The presence of particles with a dielectric constant greater than unity causes a localized deformation in the electric field (see Figure 5.17.4). Gas ions travel along electric field lines, and because the lines intercept the particle matter, the ions collide with these particles and charge them. When the particle reaches a saturation charge, additional ions are repelled and charging stops. The amount of charge q on a particle is the product of the number of charges n and the electronic charge e (q = ne). The following equation gives the rate of particle charging:
b) Particle Partially Charged
FIG. 5.17.4 Distortion of an electric field around an aerosol particle.
b) Particle Partially Charged
FIG. 5.17.4 Distortion of an electric field around an aerosol particle.
r02 ln
On integration, this equation yields the number of charges on a particle as a function of time as follows:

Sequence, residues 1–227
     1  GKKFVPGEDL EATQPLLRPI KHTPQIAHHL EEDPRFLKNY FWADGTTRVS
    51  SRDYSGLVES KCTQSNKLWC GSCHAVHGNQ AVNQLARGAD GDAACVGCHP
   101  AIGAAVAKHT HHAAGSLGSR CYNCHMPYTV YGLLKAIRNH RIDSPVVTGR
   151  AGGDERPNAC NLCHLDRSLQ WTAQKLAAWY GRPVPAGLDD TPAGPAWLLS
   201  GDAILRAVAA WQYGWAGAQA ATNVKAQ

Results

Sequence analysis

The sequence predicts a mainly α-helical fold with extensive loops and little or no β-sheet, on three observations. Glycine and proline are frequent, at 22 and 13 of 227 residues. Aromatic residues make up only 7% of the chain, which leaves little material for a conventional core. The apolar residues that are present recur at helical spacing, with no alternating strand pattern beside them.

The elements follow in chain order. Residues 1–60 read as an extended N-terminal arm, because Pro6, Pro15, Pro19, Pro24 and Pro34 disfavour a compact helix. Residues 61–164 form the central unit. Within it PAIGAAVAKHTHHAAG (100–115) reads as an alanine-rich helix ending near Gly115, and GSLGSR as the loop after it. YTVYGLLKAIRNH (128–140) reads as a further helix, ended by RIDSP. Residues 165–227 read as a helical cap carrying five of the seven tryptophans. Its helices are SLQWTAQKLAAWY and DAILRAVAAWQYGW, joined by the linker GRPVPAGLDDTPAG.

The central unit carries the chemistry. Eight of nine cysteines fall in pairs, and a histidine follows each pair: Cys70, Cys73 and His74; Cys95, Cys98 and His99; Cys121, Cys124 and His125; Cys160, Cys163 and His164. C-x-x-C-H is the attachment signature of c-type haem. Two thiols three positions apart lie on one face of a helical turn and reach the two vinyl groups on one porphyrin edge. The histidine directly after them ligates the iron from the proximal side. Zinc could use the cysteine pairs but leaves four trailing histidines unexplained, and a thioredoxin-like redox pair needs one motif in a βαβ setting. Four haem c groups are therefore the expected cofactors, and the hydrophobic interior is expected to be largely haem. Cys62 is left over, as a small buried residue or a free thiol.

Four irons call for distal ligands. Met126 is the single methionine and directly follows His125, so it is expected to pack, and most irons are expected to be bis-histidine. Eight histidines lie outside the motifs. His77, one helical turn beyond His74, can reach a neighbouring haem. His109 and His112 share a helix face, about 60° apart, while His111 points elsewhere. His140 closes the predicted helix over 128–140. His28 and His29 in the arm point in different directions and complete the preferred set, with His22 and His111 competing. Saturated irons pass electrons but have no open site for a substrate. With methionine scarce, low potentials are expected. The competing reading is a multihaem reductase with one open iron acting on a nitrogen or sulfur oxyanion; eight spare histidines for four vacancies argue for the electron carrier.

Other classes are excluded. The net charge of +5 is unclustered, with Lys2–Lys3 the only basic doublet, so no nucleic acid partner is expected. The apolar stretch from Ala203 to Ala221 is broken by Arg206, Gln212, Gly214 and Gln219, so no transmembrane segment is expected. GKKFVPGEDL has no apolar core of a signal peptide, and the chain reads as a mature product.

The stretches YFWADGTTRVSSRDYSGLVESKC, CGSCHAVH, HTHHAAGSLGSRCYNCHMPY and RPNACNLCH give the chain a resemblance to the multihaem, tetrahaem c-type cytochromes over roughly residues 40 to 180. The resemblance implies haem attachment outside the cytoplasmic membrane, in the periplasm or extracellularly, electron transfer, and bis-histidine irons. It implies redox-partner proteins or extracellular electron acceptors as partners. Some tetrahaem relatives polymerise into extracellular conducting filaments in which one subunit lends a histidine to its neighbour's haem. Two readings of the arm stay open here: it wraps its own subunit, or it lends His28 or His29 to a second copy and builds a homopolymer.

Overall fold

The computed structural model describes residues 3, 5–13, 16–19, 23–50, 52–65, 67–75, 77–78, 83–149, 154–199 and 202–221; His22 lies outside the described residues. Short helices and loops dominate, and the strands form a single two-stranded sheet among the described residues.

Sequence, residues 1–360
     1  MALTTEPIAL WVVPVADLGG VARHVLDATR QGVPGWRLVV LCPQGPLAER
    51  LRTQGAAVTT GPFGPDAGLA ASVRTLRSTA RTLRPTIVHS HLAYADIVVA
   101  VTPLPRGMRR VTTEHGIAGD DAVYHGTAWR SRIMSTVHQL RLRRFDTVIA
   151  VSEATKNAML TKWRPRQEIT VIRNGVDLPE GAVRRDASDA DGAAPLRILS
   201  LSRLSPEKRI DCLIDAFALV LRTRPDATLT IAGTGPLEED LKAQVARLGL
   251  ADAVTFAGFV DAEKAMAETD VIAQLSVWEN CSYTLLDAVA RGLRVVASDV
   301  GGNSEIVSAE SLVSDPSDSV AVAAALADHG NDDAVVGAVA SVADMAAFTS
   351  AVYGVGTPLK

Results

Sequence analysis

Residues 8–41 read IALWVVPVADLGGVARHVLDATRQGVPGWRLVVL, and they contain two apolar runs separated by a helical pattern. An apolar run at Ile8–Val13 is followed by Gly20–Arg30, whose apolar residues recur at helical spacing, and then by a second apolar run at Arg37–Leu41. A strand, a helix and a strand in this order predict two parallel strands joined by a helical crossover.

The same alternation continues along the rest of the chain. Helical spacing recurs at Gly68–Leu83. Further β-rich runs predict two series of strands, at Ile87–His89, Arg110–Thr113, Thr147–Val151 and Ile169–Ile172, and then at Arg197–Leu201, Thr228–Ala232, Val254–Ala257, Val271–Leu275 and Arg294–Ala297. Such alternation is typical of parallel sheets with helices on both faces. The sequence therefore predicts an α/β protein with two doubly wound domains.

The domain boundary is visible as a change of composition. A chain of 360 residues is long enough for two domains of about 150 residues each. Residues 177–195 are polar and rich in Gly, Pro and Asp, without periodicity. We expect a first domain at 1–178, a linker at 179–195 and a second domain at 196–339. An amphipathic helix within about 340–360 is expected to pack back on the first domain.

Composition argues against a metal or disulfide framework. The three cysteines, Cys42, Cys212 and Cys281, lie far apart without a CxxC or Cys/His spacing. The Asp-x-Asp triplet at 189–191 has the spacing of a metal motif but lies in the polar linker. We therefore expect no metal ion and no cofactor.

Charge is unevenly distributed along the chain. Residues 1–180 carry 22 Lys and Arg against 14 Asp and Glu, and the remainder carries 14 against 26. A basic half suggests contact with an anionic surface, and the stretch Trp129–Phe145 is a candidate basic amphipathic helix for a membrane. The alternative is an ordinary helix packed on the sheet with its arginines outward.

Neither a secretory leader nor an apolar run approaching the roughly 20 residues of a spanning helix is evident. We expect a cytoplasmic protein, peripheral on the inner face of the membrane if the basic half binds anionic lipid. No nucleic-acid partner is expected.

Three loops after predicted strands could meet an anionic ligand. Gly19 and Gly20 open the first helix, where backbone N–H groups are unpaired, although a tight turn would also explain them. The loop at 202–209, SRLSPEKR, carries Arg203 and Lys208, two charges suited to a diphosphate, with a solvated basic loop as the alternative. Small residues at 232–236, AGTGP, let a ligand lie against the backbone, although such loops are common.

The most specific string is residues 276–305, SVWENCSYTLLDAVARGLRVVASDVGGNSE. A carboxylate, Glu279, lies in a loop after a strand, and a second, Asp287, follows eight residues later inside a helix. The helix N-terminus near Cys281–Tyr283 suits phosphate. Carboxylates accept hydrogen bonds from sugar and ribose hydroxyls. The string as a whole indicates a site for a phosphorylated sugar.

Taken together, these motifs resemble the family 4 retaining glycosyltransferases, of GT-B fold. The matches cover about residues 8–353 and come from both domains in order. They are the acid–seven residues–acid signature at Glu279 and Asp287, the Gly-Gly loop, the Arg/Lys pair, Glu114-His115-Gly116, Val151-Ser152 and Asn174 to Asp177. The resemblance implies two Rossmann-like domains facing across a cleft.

On integration, this equation yields the number of charges on a particle as a function of time as follows:
where ns is the saturation charge given by (3e/e + 2) (d2E/4e). The saturation charge is the maximum charge that can be placed on a particle of diameter d by a field strength E. The value is the dielectric constant of the particle. The value Te is a time constant for the rapidity of charging and is equal to (lAneZN), where Zi is the ion mobility and N is the ion concentration.
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